UK’s first 'Rainbow Plaque' unveiled at Holy Trinity Goodramgate in York
On Tuesday 24th July 2018, a memorial plaque to celebrated 19th-century diarist, entrepreneur and mountaineer Anne Lister will be unveiled on the wall outside Holy Trinity Church in York city centre. There are over 70 history plaques in York commemorating famous people, places or events. None, however, are quite like this one.
The plaque, with its distinctive rainbow border, is the first ever permanent 'rainbow' plaque in the UK, making the LGBT+ history it marks clearly visible.
Echoing the iconic blue plaques that mark places associated with famous people or events all over the UK, the plaque will help bring the history of York’s LGBT+ people to light. It’s inscription reads:
Anne Lister, 1791-1840
Gender non-conforming entrepreneur
Celebrated marital commitment, without legal recognition, to Ann Walker in this church.
The plaque has been produced in partnership with York Civic Trust, York LGBT Forum and The Churches Conservation Trust.
Dr Kit Heyam, co-organiser of the Rainbow Plaques project in York and former lead coordinator of York LGBT History Month, said, "We're thrilled to be unveiling the first ever permanent rainbow plaque in York - and very possibly the UK! When we started creating cardboard rainbow plaques to celebrate LGBT History Month in February 2015, Anne Lister was one of the first names to come up, and the local LGBT community was adamant that she and her commitment to Ann Walker deserved a permanent memorial. People who would now identify under the LGBT+ umbrella have always been part of York's history and this plaque goes some way toward making them visible. We're grateful for the support of York Civic Trust, York LGBT Forum and The Churches Conservation Trust for making the first ever permanent rainbow memorial plaque a reality.
Holy Trinity Church, York is cared for by The Churches Conservation Trust, the national charity protecting historic churches at risk, which cares for 353 historic churches in England. Holy Trinity attracts thousands of visitors each year and is described as a ‘hidden gem’ in a tranquil churchyard off the busy street of Goodramgate.
Judith Patrick, spokesperson for The Churches Conservation Trust, which runs Holy Trinity Church, said: “It’s remarkable that Holy Trinity Goodramgate was the site of the first ever recorded ‘marital commitment’ between two women, 180 years before same-sex marriage was legalised in England. Anne Lister was a true pioneer in so many ways and we are delighted to host a memorial to her and her partner Ann Walker.”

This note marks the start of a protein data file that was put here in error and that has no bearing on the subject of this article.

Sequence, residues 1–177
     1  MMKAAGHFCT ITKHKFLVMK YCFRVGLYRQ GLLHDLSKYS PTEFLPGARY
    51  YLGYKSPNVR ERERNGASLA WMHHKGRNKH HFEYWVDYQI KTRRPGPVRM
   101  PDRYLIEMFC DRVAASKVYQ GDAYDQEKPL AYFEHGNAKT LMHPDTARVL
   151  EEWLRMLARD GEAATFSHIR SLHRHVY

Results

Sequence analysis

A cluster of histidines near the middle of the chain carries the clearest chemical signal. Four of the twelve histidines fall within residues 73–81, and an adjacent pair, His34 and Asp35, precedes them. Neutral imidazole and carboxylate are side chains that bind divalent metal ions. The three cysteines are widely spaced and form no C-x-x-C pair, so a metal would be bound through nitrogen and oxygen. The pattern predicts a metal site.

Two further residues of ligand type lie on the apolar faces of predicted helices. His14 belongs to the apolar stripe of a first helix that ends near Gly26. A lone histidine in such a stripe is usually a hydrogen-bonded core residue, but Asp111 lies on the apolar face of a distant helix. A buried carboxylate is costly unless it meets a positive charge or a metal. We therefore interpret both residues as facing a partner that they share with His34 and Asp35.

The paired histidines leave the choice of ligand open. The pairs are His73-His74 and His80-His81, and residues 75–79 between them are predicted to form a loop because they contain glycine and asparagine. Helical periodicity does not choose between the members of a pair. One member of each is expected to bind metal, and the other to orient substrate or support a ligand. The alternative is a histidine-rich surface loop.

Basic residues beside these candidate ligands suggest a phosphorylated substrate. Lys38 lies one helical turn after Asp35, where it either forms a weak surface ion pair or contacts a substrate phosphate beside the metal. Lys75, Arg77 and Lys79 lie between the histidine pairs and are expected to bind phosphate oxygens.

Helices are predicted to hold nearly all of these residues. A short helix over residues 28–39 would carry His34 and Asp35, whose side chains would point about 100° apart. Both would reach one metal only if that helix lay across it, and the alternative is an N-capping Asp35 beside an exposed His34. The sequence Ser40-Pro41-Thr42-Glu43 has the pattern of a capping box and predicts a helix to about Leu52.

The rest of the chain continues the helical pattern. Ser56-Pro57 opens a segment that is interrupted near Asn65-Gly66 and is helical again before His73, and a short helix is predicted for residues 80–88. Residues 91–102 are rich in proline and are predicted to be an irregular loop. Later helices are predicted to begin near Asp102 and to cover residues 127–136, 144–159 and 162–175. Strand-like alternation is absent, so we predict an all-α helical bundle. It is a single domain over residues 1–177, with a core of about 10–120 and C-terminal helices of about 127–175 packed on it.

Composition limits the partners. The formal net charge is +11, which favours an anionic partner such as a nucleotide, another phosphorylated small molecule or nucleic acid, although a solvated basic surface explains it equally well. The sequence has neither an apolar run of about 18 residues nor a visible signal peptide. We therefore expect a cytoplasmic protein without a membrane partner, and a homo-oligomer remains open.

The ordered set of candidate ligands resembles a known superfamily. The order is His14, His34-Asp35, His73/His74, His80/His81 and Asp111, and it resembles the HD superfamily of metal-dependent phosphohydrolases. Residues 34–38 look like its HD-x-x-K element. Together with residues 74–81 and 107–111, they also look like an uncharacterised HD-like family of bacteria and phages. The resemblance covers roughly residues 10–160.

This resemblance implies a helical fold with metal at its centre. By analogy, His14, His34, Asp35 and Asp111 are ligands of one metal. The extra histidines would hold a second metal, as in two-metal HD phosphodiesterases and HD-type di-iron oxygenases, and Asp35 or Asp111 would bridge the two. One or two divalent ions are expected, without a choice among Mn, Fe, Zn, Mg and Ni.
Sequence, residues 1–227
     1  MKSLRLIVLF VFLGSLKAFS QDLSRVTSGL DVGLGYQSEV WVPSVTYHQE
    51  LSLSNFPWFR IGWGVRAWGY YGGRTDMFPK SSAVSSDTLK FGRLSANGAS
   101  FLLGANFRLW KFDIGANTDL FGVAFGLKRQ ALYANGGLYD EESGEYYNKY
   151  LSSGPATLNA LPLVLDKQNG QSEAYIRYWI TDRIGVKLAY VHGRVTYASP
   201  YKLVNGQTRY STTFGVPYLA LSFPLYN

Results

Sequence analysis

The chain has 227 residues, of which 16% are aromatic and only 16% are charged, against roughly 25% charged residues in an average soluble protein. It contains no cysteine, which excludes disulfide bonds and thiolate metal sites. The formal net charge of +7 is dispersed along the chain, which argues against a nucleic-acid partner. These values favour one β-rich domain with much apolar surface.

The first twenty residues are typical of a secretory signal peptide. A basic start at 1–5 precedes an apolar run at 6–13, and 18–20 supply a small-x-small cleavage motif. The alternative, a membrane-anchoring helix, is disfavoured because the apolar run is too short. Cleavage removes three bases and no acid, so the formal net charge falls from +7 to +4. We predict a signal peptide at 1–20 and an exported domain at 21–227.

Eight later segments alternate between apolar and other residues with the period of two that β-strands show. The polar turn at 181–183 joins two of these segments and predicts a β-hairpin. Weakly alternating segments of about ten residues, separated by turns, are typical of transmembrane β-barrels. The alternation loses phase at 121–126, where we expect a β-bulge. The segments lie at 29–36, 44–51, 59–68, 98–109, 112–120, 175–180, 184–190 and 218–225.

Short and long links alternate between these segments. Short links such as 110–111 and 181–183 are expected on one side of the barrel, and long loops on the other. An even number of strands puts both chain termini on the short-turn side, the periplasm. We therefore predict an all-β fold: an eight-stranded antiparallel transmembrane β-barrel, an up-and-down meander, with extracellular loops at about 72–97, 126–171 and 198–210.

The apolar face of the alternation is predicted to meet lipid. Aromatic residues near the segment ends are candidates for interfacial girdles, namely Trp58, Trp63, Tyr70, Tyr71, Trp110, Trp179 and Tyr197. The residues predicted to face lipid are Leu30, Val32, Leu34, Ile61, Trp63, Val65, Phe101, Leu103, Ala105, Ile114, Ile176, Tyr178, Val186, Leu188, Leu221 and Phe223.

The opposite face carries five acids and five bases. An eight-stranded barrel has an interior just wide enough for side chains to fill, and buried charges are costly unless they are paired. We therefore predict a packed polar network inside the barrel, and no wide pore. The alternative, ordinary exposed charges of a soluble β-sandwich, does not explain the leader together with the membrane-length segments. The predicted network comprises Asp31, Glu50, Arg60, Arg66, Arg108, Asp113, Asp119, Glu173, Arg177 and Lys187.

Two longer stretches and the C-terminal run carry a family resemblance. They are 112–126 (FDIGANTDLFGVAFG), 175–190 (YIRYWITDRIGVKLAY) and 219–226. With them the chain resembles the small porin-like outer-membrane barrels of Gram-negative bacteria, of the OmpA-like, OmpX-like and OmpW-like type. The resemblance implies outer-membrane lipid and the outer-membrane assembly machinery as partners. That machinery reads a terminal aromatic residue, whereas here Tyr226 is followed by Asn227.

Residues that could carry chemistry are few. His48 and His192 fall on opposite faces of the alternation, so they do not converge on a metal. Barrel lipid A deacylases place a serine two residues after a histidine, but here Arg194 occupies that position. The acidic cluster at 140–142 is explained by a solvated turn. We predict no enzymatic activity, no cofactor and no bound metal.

About Anne Lister:
Born on 3rd April 1791, Anne Lister was a writer, scholar and traveller who lived at Shibden Hall in Halifax, West Yorkshire, which she inherited from her father, Jeremy Lister. Her nickname among the local people of Halifax was ‘Gentleman Jack’, which indicated that her masculine appearance and behaviours were sufficient to bring her comments.
On 30 March 1834, Lister contracted a ‘marriage’ with Ann Walker privately in the form of church blessing at the Holy Trinity Church, Goodramgate. They lived together until Lister’s death six years later.
About York Civic Trust
York Civic Trust is a membership organisation open to all who wish to protect and enhance York's architectural and cultural heritage, to champion good design and to advance the high place which York holds amongst the cities of the world. Founded in 1946, it has the key objectives of “Promoting Heritage—Shaping Tomorrow” at the heart of its work. Over the years the York Civic Trust has put up over a hundred information plaques to the places and people of York and continues to do so today in collaboration with its City Enhancement Fund, with the aims to preserve, restore, enrich, enhance and sustain the centre of York.
About York LGBT History Month:
York LGBT History Month is a registered charity which coordinates a programme of events in the York area each LGBT History Month (February). Founded by activist Ynda Jas in 2014, the volunteer-run charity now supports local community groups, businesses, universities and schools to create a collaborative, city-wide festival. Last year, the York LGBT History Month programme featured nearly 50 events, all helping to celebrate and raise awareness of the place of LGBT+ people in history. Their iconic programme booklets can be found in libraries and cafes around York from mid-January onwards.
About York rainbow plaques project:
Rainbow Plaques is a project started in York in 2015 by the charity York LGBT History Month, Helen Graham (University of Leeds) and York's Alternative History, a group which campaigns to raise awareness of the fact that there's more to York and its history than Vikings, Romans and pretty medieval streets. At events each February, for LGBT History Month, local people are invited to make temporary cardboard rainbow plaques to mark places significant to local LGBT+ history. The design of the plaques echoes the iconic blue plaques, incorporating LGBT+ stories into mainstream practices of commemoration, but the rainbow edges make the queer nature of this untold history visible. The temporary plaques have marked places ranging from the momentous (the meeting place of two men who would go on to co-found the Gay Liberation Front and organise the UK's first Pride march), to the locally significant (the hidden gay origins of the tradition that sees York residents gather at York Minster to see in the new year), to the personal (the place where someone came out to their mum). Plaques from previous years can be seen on Twitter or Instagram.